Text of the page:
I was embarrassed that my parents were not English. One of the reasons was that no one around me was interested in the country my parents came from. To them, it was just a place full of inferior black people. They asked - oh, they asked all the time. "Where are you from?" was as constant a noise as a ticking clock. But if I answered "Jamaica", lips would curl or tongues would tut. They didn't want to know about the sun, the sugar cane, the rum punch. They didn't want to try our rice and peas. I remember a white American girl coming to school. You'd have thought that Doris Day herself was now a pupil. Everyone wanted to be her friend. To see her toys, to hear her parents' wonderful accent, to try their food with an "Ooohh isn't it lovely". America was a great place to come from.
Everything from Jamaica was odd to me. We got a parcel sent every Christmas. (Were we the only family who received parcels from Jamaica and not the other way around?) A gooey Christmas cake from someone called "my mother's mother". A bow tie for my brother and hand-stitched dresses for us girls. But we kids preferred English Christmas cake with white icing that cracked your teeth. Woolly jumpers would have been better; we said. And my brother sulked that the bow tie was guaranteed to get him teased beyond endurance.
We had a tin of sweetcorn in the cupboard that had come from a Jamaican parcel. I remember my mum opening it and us kids running around excited. Not because we were keen to try it, but because it was so weird. I tasted a niblet and spat it out, saying it was disgusting. (This was the early 60s -bear with me - salad was exotic.) My dad liked a thing called guava and got all sentimental when he thought of it. I didn't know what it was. But I did know the lyrics of a song that went something like, "Rub it on my belly like guava jelly", and got very embarrassed when he mentioned it again. And both my parents danced about like lunatics when Miss Jamaica won Miss World.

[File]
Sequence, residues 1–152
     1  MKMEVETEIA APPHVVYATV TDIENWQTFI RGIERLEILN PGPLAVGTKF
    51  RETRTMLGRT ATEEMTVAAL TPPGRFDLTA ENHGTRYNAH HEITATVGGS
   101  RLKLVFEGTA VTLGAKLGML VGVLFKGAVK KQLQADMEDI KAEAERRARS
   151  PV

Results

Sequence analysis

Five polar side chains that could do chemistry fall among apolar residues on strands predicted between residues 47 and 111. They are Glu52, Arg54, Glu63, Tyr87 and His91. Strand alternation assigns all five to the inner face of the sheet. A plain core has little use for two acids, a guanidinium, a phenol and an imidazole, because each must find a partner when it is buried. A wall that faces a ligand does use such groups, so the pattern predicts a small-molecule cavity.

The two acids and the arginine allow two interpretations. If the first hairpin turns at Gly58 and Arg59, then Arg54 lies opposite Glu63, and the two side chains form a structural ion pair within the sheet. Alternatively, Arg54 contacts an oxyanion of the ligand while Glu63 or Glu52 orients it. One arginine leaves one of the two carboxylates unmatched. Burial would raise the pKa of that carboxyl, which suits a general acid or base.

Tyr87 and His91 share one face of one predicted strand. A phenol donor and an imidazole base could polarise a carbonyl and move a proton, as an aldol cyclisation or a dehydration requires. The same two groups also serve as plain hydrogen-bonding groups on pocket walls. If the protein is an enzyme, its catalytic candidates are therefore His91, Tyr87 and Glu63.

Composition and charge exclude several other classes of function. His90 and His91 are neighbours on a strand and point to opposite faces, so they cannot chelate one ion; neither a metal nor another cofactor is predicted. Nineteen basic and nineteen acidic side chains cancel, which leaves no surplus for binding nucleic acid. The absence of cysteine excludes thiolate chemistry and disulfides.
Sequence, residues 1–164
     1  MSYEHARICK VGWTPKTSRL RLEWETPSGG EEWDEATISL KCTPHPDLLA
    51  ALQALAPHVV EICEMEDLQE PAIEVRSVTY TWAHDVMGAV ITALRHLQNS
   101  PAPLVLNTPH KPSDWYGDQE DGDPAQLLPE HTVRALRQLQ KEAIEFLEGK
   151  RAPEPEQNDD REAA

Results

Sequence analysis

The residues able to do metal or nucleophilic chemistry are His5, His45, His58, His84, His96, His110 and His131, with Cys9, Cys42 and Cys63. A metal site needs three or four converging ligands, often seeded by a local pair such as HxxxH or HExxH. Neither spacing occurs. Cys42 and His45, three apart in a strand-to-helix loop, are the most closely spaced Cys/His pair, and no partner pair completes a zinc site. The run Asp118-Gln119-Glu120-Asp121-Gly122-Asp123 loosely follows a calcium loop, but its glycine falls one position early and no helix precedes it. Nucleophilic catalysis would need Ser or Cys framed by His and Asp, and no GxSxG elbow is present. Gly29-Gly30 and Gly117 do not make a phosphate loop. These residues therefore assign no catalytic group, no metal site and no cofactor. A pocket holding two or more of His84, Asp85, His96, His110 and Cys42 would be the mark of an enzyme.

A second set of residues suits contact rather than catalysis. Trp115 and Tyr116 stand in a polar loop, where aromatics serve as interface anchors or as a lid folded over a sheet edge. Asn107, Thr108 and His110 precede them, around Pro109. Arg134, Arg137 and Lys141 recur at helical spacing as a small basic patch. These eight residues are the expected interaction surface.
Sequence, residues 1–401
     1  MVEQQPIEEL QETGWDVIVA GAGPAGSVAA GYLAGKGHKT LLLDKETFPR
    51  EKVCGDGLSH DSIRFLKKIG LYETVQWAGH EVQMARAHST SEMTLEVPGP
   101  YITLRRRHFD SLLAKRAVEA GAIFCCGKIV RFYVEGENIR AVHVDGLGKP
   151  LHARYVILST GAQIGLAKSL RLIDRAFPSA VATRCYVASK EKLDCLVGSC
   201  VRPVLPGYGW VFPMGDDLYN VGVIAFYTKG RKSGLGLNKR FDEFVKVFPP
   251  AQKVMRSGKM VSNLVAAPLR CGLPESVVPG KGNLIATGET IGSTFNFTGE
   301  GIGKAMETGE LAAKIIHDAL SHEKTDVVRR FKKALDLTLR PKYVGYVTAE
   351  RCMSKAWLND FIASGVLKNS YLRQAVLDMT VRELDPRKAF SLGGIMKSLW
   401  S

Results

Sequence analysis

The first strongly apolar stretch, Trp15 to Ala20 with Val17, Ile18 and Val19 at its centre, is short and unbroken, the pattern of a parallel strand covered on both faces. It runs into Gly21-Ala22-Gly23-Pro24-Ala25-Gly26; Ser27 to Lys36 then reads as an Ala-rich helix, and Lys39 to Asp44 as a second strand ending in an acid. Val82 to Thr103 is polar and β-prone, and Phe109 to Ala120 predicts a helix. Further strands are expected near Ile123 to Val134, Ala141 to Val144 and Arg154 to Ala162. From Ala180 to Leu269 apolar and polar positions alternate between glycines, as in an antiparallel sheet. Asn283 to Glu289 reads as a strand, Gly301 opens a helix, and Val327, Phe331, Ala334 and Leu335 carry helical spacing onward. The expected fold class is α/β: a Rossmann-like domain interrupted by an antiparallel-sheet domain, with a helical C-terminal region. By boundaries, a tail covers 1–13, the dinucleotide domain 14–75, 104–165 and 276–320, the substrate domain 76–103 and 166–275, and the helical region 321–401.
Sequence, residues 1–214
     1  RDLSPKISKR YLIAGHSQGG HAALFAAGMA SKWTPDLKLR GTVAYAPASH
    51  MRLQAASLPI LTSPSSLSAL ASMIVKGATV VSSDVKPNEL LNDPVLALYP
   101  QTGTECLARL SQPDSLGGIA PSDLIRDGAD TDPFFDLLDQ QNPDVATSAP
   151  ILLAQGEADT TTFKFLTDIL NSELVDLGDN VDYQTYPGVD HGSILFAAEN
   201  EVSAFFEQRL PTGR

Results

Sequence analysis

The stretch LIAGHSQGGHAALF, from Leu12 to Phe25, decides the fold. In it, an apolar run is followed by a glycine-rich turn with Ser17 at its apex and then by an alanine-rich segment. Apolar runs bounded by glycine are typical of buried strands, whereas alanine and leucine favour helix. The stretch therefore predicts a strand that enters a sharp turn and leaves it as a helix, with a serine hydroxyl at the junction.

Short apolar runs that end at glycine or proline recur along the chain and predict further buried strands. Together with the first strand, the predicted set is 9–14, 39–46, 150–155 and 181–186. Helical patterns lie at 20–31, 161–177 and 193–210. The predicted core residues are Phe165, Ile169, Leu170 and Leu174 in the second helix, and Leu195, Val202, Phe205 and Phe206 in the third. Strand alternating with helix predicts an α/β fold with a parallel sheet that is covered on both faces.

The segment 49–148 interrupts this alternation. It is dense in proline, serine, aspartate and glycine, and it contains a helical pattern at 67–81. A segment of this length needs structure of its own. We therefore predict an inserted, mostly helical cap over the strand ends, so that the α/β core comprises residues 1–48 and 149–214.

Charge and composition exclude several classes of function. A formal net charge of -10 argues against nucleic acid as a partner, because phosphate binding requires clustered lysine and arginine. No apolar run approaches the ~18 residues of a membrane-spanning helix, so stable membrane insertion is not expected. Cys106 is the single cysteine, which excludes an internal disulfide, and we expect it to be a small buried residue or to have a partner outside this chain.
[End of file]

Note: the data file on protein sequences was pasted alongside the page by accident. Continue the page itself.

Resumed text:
I wanted just to fit in and be part of everything that was around me, and these strange parents were holding me back. Then I grew up. More black people emigrated to England from the 50s onwards - from the Caribbean, from Africa. People came from India, Pakistan, Bangladesh, Uganda. People from across the old Empire coming home to the Mother Country. After all, didn't she owe us? Along with this immigration - this safety in numbers - came a new interest for me in the country my parents had left. I was gaining a fledgling sense of pride in having a Jamaican heritage. Tentative at first - Bob Marley records, saying the word "feisty", practising sucking my teeth in front of the bathroom mirror. Until it grew into a need to visit Jamaica.
My mum had recently been back after 40 years away. She came home telling me what a bloody awful place it had become. Hot, violent, poor. It was not the place she remembered. She still had family there, but most had now emigrated to America or Canada. My dad didn't want to go back, even to visit He preferred his memories and told me wistfully that he had no one there now - no family, no friends. He had made his home England He didn't want to miss the football. And without much problem he could now get his beloved guavas here.